Count Ludovico Roncalli (1654–1713), or simply Count Ludovico, was an Italian nobleman who published a collection of suites for five-course baroque guitar, Capricci armonici sopra la chitarra spagnola ("Harmonic caprices for the Spanish guitar"), in 1692. This was transcribed to modern notation and arranged for the six-string guitar by Oscar Chilesotti in 1881. The work, consisting of nine complete suites, each comprising several short movements, is a great favorite of guitar enthusiasts, and individual movements frequently appear in guitar method books. Frederic Noad, who wrote "The Baroque Guitar" and other popular instruction books, did not rate the Chilesotti transcription highly, pointing to many omitted embellishments and octave errors relating to the fourth and fifth strings. Another edition in modern notation was published by Bruno Henze, and released in 1955 by VEB Friedrich Hofmeister, Leipzig. Noad did not comment on whether this edition had corrected the deficiencies of the Chilesotti version.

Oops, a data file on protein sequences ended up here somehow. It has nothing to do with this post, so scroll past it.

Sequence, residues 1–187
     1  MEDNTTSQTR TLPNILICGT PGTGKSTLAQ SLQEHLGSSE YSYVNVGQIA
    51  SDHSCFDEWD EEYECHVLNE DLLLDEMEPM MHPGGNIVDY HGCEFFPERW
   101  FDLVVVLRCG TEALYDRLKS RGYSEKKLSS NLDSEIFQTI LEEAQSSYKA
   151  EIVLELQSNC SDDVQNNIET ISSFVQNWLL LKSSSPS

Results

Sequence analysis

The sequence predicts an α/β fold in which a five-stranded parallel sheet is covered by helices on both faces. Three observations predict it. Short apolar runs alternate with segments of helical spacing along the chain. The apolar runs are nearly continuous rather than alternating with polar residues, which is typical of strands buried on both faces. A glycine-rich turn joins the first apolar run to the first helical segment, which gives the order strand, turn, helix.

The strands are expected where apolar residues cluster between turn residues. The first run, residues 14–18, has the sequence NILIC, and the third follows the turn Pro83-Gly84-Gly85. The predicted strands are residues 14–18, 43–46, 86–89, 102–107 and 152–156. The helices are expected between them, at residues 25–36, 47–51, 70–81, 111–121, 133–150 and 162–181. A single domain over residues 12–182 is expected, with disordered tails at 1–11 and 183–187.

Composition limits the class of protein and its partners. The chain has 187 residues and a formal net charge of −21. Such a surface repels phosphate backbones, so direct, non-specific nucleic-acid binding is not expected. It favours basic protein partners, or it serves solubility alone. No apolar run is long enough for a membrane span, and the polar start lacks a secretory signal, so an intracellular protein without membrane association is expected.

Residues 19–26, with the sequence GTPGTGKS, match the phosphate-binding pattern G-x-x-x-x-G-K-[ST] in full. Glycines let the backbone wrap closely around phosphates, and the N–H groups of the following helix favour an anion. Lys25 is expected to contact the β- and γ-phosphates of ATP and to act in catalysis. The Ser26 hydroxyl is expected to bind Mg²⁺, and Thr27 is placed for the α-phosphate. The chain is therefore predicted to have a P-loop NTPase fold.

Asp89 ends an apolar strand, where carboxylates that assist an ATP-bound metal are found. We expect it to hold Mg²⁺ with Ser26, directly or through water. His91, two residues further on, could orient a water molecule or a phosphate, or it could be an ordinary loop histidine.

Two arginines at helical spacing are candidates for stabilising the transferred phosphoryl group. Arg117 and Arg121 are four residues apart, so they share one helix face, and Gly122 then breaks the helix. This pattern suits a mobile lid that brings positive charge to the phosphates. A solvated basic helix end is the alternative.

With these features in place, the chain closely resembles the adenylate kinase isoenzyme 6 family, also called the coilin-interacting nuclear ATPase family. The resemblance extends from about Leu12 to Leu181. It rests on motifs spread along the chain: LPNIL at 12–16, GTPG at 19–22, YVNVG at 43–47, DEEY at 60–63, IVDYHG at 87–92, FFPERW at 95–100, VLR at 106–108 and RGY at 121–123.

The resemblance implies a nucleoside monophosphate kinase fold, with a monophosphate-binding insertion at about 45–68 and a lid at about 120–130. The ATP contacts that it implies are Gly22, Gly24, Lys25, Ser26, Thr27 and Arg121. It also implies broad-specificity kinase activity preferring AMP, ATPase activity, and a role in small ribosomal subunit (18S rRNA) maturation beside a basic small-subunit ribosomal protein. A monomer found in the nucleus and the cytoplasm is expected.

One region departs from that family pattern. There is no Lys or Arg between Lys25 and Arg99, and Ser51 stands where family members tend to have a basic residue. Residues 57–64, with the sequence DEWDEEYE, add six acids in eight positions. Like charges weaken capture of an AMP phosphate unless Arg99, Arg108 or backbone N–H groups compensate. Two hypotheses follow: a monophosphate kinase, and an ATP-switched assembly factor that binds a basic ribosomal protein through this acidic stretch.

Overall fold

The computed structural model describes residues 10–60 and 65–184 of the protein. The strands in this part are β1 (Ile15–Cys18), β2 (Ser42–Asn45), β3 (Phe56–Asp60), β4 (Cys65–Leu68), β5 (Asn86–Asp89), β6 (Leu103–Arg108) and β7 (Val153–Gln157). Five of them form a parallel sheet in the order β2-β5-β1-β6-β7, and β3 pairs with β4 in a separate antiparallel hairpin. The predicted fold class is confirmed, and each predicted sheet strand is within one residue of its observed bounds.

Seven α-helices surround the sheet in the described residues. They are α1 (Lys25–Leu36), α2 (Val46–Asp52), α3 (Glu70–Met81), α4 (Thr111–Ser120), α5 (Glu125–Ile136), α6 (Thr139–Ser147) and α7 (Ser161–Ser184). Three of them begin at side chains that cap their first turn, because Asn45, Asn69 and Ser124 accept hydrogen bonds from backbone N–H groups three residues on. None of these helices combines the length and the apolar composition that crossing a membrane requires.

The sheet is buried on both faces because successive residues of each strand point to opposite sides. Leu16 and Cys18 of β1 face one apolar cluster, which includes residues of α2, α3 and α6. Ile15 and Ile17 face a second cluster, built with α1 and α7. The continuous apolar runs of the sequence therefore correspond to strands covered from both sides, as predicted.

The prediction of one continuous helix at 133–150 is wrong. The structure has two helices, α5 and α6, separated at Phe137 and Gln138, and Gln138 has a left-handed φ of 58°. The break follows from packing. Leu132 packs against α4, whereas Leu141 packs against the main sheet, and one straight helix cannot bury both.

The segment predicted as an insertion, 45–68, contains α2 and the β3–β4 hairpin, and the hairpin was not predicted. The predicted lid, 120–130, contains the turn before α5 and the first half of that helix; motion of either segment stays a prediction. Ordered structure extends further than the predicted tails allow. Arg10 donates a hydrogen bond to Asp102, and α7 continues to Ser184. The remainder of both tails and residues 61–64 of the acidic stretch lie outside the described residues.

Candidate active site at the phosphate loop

The original is available in a facsimile edition edited by Paolo Paolini (Florence 1982). A passacaglia from Roncalli's work was made famous in Ottorino Respighi's Ancient Airs and Dances.
Unlike much of the music of the later Baroque era, Roncalli's dance movements retain the flavor of actual dance music; for example his Gigues inspire the mental image of people dancing a spirited jig. However, the dancelike quality varies depending on the movement and the performer.
2004 saw the release of probably the first ever recording devoted exclusively to Roncalli's work, on the Italian label Tactus. It features Giacomo Parimbelli performing the complete suites except for V, VI, and IX, on a 19th century instrument.